|Opposing view: Indonesia's minister of finance Sri Mulyani Indrawati|
The Indonesian government’s stoush with JPMorgan over a November equities research note does not reflect well on a government that has otherwise won praise for market reform.
Indeed, it seems illogical – based on the facts as presented – that one has to wonder if some deeper and as yet unrevealed reason is to blame.
The background: on November 13, emerging markets equity strategist Adrian Mowat in Hong Kong put out a report on the back of the Trump election win, downgrading Indonesian equities to underweight – and downgrading Turkey and Brazil at the same time.
“There are losers from Trumponomics,” Mowat wrote, noting that the spike in volatility that Trump’s victory brought would increase emerging market risk premia and could reverse investment flows.
Indonesia, with a particularly high level of foreign ownership of local assets, was considered particularly vulnerable. The recommendation was, Mowat said, tactical: “We think you will get a better buying opportunity.”
There are rumours that the central bank disagrees with the ministry on its actions, and that calls have been made at the highest levels
In the bigger scheme of broker research, it was pretty harmless stuff. However, it enraged Indonesia’s ministry of finance sufficiently to remove the bank from its primary dealer list for Indonesian bonds, in effect also removing it from underwriting roles on sovereign issues, including international ones.
It has since become clear this action came from the top, as minister of finance Sri Mulyani Indrawati not only defended the ministry’s action but said she would add a condition to agreements with primary dealers to remind them to ensure their “professionalism, accuracy of information and freedom from conflicts of interest”.
She said JPMorgan had “provoked irrational behaviour” by making negative comments at a sensitive time.
If that’s really all there is to it, this is a huge and counter-productive over-reaction. It also makes little sense.
If the argument is that brokers can’t say anything negative about Indonesia, that helps nobody. Mulyani, and Indonesia in general, have been associated with greater, not lesser transparency; Mulyani is an ex-World Bank managing director with a reformist reputation that survived an earlier stint as finance minister.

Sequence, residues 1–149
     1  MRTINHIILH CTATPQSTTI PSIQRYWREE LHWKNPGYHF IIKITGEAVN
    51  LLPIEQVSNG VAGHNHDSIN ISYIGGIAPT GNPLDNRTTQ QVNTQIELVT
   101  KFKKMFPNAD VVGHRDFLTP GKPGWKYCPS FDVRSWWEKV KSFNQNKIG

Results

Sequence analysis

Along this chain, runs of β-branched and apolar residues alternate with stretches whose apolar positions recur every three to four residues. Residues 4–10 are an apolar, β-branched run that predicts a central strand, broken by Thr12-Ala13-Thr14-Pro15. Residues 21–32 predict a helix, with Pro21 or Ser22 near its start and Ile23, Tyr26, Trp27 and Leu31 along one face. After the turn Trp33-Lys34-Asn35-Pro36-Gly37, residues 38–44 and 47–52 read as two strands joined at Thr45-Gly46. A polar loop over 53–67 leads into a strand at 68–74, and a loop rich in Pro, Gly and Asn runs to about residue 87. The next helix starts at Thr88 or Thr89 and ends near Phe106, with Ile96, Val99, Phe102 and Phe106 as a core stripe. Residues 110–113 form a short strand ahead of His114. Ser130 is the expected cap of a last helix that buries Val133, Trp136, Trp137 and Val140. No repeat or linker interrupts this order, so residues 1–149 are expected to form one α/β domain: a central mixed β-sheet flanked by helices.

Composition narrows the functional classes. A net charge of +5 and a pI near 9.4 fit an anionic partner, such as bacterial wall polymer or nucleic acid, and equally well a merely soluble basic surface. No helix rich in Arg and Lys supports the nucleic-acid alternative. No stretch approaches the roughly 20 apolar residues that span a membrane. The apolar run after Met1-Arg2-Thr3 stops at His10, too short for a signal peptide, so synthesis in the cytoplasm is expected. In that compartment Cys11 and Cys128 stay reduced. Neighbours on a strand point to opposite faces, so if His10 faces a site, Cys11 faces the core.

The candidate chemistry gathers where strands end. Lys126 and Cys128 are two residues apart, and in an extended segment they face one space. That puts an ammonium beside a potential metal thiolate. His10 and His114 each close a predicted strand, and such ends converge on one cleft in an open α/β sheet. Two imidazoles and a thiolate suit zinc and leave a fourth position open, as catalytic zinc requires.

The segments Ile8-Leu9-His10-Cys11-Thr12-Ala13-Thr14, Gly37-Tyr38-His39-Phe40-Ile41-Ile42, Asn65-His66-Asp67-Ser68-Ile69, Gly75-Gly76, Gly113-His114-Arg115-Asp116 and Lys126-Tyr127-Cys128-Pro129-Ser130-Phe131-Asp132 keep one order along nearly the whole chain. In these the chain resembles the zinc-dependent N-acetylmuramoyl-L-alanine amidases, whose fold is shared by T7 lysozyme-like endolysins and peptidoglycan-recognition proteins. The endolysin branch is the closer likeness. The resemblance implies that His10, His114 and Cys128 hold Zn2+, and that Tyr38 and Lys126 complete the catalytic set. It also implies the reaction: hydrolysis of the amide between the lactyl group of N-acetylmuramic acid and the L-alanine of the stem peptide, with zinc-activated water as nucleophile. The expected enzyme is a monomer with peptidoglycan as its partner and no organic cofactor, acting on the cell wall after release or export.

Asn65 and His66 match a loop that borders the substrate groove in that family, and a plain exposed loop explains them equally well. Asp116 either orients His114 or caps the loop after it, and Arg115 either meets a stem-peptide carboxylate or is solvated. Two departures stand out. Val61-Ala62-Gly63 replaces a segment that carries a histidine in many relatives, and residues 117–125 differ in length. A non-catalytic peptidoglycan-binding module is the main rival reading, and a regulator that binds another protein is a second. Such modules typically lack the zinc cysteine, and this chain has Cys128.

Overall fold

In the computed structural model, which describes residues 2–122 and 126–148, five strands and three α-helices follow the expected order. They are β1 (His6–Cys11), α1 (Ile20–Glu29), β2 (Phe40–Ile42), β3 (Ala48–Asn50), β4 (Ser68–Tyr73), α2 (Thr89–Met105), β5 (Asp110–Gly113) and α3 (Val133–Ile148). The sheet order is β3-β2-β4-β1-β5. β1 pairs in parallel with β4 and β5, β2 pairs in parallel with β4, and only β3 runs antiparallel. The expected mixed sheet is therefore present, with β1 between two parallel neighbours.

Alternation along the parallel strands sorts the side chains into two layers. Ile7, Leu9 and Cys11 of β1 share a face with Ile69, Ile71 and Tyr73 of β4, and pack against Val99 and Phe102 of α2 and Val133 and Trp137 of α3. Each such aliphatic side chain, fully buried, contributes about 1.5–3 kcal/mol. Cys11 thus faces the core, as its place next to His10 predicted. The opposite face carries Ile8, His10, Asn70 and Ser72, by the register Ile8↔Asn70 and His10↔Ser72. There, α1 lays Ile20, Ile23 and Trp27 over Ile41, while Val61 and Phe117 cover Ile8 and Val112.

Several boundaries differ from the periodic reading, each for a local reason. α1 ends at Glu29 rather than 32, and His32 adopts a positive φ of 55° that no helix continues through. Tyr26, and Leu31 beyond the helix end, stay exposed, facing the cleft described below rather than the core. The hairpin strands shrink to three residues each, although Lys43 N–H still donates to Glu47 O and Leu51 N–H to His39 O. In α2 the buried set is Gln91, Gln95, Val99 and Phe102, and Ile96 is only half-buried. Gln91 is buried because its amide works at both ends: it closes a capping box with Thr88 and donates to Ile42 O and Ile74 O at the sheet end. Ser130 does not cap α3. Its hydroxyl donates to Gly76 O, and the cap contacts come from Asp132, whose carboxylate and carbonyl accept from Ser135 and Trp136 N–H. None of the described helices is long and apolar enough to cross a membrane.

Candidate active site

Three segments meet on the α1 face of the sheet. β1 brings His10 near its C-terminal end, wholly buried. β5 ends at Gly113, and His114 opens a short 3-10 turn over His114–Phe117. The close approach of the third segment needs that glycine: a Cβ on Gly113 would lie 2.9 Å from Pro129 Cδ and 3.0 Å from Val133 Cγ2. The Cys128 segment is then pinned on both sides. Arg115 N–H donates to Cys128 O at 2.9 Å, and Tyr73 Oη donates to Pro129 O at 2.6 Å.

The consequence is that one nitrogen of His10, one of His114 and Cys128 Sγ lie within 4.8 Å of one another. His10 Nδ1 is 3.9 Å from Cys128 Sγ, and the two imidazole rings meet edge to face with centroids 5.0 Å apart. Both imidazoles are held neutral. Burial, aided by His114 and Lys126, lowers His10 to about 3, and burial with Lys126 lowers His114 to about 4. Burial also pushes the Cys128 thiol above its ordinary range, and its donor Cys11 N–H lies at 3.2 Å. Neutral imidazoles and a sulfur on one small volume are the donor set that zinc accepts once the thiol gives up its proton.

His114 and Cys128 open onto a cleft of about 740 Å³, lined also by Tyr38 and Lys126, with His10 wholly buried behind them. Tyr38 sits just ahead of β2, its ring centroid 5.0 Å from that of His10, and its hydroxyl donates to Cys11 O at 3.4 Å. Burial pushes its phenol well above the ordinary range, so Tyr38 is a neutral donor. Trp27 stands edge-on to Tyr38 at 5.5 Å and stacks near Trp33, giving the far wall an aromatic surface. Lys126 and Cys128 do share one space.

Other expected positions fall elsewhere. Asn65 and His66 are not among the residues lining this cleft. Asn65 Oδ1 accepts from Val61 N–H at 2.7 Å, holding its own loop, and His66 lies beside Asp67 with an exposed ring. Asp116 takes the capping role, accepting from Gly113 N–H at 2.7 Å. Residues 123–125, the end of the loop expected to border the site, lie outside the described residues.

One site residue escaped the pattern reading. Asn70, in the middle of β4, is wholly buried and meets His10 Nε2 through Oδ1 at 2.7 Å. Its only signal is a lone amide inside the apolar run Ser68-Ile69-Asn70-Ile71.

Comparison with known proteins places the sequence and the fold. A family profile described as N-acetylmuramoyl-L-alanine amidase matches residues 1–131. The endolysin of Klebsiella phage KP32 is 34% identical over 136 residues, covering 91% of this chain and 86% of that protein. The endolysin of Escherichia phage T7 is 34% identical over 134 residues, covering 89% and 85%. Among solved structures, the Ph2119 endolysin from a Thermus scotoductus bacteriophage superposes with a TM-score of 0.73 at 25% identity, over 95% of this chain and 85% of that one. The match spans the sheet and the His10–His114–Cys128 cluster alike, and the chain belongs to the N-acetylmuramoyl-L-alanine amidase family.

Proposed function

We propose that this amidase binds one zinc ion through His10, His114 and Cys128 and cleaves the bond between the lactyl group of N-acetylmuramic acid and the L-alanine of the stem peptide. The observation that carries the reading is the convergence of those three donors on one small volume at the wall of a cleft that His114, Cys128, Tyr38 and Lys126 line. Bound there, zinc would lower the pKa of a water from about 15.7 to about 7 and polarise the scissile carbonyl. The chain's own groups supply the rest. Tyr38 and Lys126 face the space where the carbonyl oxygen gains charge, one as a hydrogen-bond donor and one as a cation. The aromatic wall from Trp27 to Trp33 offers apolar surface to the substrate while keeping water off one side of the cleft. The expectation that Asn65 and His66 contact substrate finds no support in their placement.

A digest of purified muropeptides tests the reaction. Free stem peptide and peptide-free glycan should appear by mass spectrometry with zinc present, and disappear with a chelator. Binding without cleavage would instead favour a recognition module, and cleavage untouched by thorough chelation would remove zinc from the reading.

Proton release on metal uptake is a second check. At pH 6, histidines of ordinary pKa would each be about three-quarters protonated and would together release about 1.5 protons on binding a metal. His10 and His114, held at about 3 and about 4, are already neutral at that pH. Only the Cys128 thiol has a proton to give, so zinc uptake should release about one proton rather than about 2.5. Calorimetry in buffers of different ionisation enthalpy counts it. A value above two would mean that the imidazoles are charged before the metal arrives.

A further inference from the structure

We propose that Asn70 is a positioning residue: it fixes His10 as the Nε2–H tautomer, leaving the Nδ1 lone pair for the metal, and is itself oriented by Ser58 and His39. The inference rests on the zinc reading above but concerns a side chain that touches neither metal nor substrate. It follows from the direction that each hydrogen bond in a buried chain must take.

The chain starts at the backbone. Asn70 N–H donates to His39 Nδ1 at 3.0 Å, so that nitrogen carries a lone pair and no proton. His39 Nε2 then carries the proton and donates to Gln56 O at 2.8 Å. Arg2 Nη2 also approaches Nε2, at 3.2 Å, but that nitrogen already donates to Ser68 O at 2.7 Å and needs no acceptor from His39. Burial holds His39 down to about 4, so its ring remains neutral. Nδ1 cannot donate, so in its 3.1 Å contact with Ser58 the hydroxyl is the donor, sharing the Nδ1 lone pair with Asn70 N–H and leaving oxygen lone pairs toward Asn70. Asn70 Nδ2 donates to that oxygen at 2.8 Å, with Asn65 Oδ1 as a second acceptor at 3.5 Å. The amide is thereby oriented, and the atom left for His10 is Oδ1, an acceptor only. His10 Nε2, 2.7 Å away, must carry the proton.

This magazine, a long-standing admirer, awarded her for her outstanding contribution to finance in 2008.
Any market hoping to retain foreign flows in its assets, and perhaps to attract more, needs a certain amount of openness of information, including the freedom to criticize. If investors don’t think they can trust the independence of research, they’re likely to ignore it, and from that it’s a short step to ignoring the whole market.
Mulyani knows that; it simply can’t be the reason.
If the argument is that JPMorgan had a conflict of interest, it’s not clear how. Perhaps if the offending report had been about Indonesian debt, it might make some sense, but this was a macro report with a temporary tactical recommendation on equities, bundled up with other countries and with the suggestion it will be reversed when valuations are more attractive.
And if there was a conflict of interest between a primary dealer selling bonds and a research arm assessing them, wouldn’t it be a bigger conflict if JPMorgan was telling people to buy them?
Even some of the most experienced brokers in Indonesia have been taken aback by what has happened. They themselves are no strangers to being summoned to the ministry for a dressing down, or at least to hear pleas to be more sensitive in their coverage. However, being axed from the front line of new issues is a whole other step.
Most think this has to do with longer-term dissatisfaction with JPMorgan and Indonesia, and perhaps this is closer to the truth. It is true that some articles, particularly from Barron’s, have jumped on previous JPMorgan calls on Indonesia and created some noise around them, which might have riled the ministry.
And some local brokers say there is annoyance that banks such as JPMorgan and Deutsche have, they believe, made a lot of money dealing in Indonesian bonds, sometimes gaining from volatility that Indonesia itself could do without.
Under this analysis, the ministry had been waiting for an opportunity to kick a primary dealer to make a point, and this provided it.
Mulyani might also be making a stand against what she sees as feeble Chinese walls in western investment banks. It’s not clear yet what other primary dealers in Indonesian bonds – including Deutsche, Standard Chartered and Citigroup – are going to do about their own research, but it’s unthinkable that regional strategists won’t be able to express a broad market view on the country’s stock markets.
There are rumours that the central bank disagrees with the ministry on its actions, and that calls have been made at the highest levels. Clearly, Indonesia fears volatile flows – it suffered as much as anyone in the 2013 taper tantrum – but this is not the way to shield the country from them.